Mark Spiegel, vice president at the Federal Reserve Bank of San Francisco, stated his views on the current economy and the outlook as of July 11, 2019.
- Current economic growth is above trend, but is projected to slow over the coming year towards our estimated long-run potential pace of slightly below 2%. This expected slowdown was noted in the recent Congressional testimony by Chair Powell, who paid particular attention to cooling business investment, subdued inflation data, and crosscurrents associated with slow global growth and trade tensions.
- In contrast to the weakening investment picture, consumption appears to be picking up. Recent reports on automobile and retail sales have been strong, and measures of consumer sentiment remain quite elevated. Many of the other sources of strength in the first quarter, such as inventory adjustment and improvements in net exports, are expected to be transitory.
- The labor market continues to display strength. Payroll employment grew by 224,000 jobs in June; monthly gains over the past six months have averaged 172,000, far above the level estimated to be consistent with absorbing new entrants to the labor force. The strong job picture continues to draw more searchers into the labor market, resulting in the measured unemployment rate rising up a notch to 3.7%. However, unemployment still remains substantively lower than the estimated long-run natural rate of 4.2%.
- Over the past ten years, inflation has been below the FOMC’s symmetric 2% target far more often than it has met or exceeded that target. Recent inflation figures remain discouraging, with the personal consumption expenditures (PCE) price index in May only increasing at a 1.5% annualized pace over the previous 12 months. Core PCE inflation rose 1.6% over the same period. The slow increase in wages is one factor keeping inflation below its target level. Despite the continued strength of the labor market, upward pressure on wages remains rather tepid, increasing only 3.1% for the year ending in June.
- The federal funds rate, the monetary policy rate, is currently close to the level that we consider consistent with a neutral monetary policy stance.
- Treasury yields have increased modestly since the previous FOMC meeting, with the spread between 10-year and 3-month Treasury yields remaining “inverted,” in the sense that the 3-month rate currently exceeds the 10-year rate. While such inversions have typically indicated recessions in the past, there is reason to believe that the very low long-term yields prevailing in current markets are partly attributable to special factors. These include the large holdings of long-term treasuries accumulated by the Federal Reserve through its past quantitative easing policy and elevated “safe haven” demand for long-term U.S. Treasuries due to heightened global uncertainty.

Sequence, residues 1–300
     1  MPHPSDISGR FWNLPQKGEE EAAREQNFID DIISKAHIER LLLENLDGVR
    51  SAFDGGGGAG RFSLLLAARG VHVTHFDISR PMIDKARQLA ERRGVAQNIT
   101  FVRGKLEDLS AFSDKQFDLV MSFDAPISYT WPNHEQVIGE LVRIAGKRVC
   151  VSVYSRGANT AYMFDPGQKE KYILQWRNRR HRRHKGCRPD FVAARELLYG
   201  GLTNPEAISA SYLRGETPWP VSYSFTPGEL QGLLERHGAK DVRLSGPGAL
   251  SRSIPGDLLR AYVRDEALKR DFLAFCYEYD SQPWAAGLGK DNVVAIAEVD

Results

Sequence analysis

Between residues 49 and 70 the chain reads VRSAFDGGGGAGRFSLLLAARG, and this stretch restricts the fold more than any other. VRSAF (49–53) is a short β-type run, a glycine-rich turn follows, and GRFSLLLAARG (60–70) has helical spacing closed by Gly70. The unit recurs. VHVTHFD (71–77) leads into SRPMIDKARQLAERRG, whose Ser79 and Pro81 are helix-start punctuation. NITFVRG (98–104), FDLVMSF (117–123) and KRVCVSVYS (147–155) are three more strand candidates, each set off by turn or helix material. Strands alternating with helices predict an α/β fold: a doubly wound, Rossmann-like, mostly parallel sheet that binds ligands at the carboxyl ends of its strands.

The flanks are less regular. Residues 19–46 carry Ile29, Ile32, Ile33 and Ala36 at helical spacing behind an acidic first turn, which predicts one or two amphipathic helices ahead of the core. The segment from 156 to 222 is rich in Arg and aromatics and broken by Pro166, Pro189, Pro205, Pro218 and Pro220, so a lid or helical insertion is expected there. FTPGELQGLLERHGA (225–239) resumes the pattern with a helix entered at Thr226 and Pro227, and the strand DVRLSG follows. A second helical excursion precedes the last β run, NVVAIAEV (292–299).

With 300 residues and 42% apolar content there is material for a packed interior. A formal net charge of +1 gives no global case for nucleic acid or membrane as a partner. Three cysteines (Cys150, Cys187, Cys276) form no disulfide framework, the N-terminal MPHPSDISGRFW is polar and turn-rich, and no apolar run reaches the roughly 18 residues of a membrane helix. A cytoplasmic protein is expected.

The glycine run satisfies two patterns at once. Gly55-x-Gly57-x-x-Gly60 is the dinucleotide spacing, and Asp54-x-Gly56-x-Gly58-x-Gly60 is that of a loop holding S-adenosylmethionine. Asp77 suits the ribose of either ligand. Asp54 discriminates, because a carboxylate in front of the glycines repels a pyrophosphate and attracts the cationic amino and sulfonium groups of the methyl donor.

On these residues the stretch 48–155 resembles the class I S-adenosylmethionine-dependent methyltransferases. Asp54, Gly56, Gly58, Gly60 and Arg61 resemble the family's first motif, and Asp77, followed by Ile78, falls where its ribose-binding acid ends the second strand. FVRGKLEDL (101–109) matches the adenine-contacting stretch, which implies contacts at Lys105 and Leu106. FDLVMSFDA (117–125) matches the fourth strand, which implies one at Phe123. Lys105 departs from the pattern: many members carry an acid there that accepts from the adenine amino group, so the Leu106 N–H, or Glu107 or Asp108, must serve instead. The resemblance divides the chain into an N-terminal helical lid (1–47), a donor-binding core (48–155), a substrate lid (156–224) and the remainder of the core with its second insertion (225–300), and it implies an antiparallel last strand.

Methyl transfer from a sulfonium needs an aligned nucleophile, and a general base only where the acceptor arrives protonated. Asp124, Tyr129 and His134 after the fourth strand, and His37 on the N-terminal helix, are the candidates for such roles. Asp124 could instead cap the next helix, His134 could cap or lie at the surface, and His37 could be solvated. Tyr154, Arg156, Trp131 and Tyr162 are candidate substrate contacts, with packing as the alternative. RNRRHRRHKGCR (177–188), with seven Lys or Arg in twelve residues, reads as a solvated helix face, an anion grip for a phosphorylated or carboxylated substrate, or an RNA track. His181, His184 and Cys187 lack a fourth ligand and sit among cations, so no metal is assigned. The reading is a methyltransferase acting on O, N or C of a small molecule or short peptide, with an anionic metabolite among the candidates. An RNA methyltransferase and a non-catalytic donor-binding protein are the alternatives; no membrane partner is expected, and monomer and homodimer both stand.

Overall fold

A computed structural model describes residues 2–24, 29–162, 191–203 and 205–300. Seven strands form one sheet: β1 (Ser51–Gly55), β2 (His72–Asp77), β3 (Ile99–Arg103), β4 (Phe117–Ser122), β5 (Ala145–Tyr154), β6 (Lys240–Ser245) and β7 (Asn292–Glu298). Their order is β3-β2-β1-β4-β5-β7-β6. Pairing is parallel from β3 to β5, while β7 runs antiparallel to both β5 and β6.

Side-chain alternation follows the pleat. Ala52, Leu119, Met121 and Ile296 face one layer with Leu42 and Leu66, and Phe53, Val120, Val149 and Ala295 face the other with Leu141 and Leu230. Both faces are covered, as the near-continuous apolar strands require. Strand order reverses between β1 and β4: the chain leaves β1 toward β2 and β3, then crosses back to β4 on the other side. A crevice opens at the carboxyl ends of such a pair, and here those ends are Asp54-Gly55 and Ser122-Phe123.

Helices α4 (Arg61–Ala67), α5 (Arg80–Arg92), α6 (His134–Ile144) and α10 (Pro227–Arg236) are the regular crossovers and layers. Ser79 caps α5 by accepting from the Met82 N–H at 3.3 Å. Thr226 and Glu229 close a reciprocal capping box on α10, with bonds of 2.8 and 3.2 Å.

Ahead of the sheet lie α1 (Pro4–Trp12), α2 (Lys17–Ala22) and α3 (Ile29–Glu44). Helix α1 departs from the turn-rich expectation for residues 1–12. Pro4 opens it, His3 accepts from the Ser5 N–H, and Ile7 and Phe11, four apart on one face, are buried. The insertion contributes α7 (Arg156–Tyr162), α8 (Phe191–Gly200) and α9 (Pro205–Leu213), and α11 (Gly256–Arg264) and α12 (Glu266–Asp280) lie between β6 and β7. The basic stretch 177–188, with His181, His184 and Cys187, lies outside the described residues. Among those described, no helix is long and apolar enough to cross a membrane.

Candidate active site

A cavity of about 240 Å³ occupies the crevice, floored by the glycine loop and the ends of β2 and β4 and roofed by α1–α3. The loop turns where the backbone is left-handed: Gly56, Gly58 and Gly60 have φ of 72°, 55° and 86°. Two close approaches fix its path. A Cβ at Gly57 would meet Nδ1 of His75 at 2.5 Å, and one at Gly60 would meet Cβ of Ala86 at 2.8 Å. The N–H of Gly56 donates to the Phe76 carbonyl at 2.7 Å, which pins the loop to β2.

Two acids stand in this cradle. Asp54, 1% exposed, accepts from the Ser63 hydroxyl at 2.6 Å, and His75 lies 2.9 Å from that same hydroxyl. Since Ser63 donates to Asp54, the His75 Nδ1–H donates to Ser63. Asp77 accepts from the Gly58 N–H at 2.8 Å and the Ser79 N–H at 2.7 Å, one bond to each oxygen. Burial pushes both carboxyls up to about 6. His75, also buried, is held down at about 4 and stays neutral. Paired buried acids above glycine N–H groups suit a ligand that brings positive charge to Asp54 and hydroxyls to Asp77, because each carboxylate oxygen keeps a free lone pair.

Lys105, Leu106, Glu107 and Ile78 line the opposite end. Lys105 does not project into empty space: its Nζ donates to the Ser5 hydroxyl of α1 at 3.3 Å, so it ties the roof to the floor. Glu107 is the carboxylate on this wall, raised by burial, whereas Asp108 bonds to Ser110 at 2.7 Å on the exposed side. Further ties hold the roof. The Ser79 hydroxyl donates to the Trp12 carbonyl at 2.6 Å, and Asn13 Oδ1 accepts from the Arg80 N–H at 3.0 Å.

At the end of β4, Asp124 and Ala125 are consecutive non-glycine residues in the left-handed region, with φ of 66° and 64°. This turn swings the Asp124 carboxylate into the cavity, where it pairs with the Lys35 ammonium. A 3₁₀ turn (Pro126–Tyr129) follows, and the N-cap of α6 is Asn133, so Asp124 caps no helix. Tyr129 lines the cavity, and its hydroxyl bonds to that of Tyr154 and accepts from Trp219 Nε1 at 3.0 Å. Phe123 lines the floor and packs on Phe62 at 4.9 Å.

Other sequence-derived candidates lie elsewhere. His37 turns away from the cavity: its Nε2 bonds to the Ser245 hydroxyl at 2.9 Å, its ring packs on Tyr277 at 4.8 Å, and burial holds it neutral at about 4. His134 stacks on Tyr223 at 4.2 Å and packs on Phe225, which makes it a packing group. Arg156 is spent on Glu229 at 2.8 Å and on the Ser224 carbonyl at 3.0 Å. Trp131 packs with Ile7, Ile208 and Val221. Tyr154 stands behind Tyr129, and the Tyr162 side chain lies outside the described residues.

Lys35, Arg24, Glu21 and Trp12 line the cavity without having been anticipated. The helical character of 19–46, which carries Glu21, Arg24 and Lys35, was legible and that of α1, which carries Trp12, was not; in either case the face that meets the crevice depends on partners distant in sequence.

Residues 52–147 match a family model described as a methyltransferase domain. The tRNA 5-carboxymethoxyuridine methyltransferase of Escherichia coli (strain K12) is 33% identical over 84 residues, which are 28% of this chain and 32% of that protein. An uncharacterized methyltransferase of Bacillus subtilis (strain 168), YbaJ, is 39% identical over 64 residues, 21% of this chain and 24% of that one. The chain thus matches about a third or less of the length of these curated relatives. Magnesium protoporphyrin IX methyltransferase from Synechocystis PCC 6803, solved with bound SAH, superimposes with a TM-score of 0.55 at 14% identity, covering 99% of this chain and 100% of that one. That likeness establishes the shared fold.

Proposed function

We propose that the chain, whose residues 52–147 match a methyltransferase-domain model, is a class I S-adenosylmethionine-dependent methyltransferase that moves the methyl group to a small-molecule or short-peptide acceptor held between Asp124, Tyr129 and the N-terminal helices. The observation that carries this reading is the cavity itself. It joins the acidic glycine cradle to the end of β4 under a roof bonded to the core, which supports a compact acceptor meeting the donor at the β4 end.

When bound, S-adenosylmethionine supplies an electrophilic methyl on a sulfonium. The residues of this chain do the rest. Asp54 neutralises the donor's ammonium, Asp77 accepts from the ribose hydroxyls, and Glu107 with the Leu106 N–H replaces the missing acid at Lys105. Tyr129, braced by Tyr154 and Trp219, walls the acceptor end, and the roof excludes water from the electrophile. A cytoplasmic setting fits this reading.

- The ongoing trade disputes between the United States and its main trading partners, particularly China, represent a prominent source of global uncertainty. The United States currently is levying a 25% tariff on $250 billion in imports from China. Markets rallied following the recent G-20 meeting, after the United States and China agreed to postpone any future tariff increases. However, much uncertainty remains about the ultimate resolution of this conflict, and measures of uncertainty about trade policy remain quite elevated.
- A recent report from the Petersen Institute highlights the fact that China responded to U.S. trade restrictions by raising its tariffs on imports from the United States, while lowering them on imports from the rest of the world. These responses have left U.S. exporters at even worse competitive positions for the large Chinese market. While the United States and other exporters stood on equal footing at the start of 2018, by June of this year tariffs on U.S. products had risen to over 20%, while those on exports from other countries had fallen to 6.7% on average. The report also notes that China has been strategic in focusing its tariffs on U.S. goods that are either considered less vital or more easily sourced from other countries. For example, tariffs on agricultural products have been raised from 21% to 43%, while no tariffs are being levied on other more essential imported goods, such as pharmaceuticals.
- Many goods, particularly manufactured products, cross country borders a number of times during the production process, leading to multiple exposures to tariff duties. This is particularly true for U.S.-Mexican trade, involving goods such as automobiles and appliances. Components are produced in one country and then can travel back and forth across the border at different stages of production. With a 25% tariff on goods transported from a country to the United States, the final price of the item reflects not only the value added during production but also the added tariffs each time the product crosses the border.
- Recent movements in China’s exchange rate have been interpreted as reflecting efforts by China to offset the effects of U.S. tariffs on demand for its exports by lowering the price of its currency. However, although the renminbi depreciated significantly against the dollar in the late spring and summer of 2018, this currency change occurred at roughly the same time as the dollar was appreciating against other currencies, as measured by the narrow dollar index. Since that time, the renminbi has basically floated within a limited trading range of between 6.75 and 7.00 to the dollar, with little notable trend.
The views expressed are those of the author, with input from the forecasting staff of the Federal Reserve Bank of San Francisco. They are not intended to represent the views of others within the Bank or within the Federal Reserve System. FedViews appears eight times a year, generally around the middle of the month. Please send editorial comments to Research Library.